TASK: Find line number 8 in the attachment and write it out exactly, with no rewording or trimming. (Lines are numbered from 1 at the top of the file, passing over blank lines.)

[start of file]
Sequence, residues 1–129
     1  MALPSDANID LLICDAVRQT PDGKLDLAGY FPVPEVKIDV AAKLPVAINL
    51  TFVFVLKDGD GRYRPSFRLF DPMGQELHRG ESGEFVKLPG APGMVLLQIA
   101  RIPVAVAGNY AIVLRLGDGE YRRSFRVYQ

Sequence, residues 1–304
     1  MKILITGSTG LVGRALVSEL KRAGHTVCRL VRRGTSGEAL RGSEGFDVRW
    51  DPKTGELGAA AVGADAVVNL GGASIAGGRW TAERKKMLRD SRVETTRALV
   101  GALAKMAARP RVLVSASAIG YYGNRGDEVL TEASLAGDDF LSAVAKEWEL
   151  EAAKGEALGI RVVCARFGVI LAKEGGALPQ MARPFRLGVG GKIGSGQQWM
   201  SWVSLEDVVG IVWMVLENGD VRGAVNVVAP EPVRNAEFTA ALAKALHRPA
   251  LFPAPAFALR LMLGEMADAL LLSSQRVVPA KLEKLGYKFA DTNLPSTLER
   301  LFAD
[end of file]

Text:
   101  GALAKMAARP RVLVSASAIG YYGNRGDEVL TEASLAGDDF LSAVAKEWEL